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Romney: Reaching the magic number

“For so long, he was the putative front-runner, the nominal front-runner, the weak front-runner. Then he became the all-but-certain nominee. And by Tuesday night, he’ll be able to ditch those modifiers,” the Washington Post writes.  “Willard Mitt Romney is about to do what his father didn’t and no one in his church ever has. With Tuesday’s Texas primary, he is poised to secure the 1,144 delegates required to clinch the Republican presidential nomination at the party’s August convention.”

The AP also notes that Romney is set to clinch the nomination today, and will raise money with Donald Trump, someone he “has declined to repudiate” for his “fringe view” questioning that President Obama wasn’t born in the United States. “Trump again contended this week that Obama was born in Kenya and raised in Indonesia, pointing to information in a catalog from a literary agency that represented Obama two decades ago. That view has been debunked repeatedly,” AP notes.

And there’s this: “Now that the issue of the president’s birth certificate has been laid to rest (mostly), some conservatives are turning their attention to a new obsession: Barack Obama's college transcripts,” the L.A. Times notes. “Last week, a website that already had offered a $10,000 reward for Obama's transcripts from Occidental College, Columbia University and Harvard Law School, increased the bounty to $20,000. About a year ago, Donald Trump, among the highest-profile ‘birthers,’ helped get the mini-movement started. After the president released his long-form birth certificate, Trump abruptly changed subjects: ‘The word is, according to what I’ve read,’ said Trump, ‘that he was a terrible student when he went to Occidental. He then gets into Columbia; he then gets to Harvard. ... How do you get into Harvard if you’re not a good student? Now maybe that's right or maybe it’s wrong, but I don't know why he doesn’t release his records.’”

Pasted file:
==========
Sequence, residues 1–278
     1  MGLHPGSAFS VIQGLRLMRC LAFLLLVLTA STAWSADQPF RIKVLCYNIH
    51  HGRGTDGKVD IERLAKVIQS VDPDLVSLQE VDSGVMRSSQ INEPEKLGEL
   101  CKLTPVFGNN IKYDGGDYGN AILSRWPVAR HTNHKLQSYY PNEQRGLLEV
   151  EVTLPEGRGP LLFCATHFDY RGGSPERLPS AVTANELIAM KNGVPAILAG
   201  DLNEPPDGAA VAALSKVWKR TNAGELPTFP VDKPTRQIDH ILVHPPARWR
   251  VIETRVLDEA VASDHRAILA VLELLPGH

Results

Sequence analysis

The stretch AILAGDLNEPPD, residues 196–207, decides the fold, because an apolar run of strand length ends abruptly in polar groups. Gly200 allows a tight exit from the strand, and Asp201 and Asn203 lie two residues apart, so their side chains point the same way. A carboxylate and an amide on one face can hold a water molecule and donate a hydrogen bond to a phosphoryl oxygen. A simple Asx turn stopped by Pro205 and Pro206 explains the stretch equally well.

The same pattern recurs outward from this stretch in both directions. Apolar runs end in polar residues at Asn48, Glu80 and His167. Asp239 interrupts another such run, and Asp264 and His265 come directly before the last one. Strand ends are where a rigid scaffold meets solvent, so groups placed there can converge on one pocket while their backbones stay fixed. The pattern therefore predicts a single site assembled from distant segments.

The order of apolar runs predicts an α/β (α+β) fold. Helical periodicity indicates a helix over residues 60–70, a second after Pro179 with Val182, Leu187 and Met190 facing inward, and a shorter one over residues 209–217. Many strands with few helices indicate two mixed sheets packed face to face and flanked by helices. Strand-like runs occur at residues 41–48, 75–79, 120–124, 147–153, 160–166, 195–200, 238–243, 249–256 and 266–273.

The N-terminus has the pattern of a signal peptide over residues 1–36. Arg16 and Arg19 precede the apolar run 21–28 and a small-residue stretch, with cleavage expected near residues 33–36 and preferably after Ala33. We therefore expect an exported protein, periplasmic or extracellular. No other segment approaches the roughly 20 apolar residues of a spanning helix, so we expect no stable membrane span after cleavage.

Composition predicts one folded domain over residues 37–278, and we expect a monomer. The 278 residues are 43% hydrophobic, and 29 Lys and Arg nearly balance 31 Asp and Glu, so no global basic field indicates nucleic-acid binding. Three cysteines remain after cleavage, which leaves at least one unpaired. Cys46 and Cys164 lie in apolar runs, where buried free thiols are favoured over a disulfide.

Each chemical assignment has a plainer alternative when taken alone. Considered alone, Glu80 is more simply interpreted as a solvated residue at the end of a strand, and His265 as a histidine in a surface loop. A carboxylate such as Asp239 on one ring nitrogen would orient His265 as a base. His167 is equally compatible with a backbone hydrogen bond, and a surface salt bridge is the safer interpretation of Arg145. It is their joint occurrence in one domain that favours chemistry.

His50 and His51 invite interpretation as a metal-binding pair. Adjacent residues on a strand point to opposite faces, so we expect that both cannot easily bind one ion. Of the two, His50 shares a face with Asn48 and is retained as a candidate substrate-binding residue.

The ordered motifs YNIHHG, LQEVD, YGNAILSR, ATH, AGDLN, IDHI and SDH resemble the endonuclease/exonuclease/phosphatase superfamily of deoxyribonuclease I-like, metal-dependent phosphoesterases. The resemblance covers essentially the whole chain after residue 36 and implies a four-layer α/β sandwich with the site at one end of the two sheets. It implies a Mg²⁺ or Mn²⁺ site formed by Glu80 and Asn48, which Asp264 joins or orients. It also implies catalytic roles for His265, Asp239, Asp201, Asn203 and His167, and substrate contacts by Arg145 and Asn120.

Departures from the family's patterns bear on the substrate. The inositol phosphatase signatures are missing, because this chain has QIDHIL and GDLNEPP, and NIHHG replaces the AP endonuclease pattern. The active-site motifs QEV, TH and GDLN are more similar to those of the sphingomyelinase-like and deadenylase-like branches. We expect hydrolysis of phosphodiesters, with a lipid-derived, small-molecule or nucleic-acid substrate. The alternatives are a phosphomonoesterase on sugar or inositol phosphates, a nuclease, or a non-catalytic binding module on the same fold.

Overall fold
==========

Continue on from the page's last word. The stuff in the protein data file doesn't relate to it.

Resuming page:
The Boston Globe goes to Utah: “For Mormons, this is a potentially volatile moment. They are deeply proud that their faith’s most prominent adherent, Mitt Romney, is steps away from a presidential nomination and could push the faith further into the mainstream of American life. With these feelings, though, comes a nagging fear that their beliefs, often misunderstood, will again be subjected to scrutiny, even ridicule, on a national scale.”

Romney and John McCain got a crowd of about 5,000 on Memorial Day in San Diego, near his beach home in La Jolla.

On Monday, Memorial Day, Romney promised the world’s strongest military. He said he would maintain a military "with no comparable power anywhere in the world."

“A member of the National Labor Relations Board who was facing scrutiny for allegedly leaking sensitive information to a former adviser to Mitt Romney's presidential campaign, is stepping down, the NLRB said Sunday,” USA Today writes.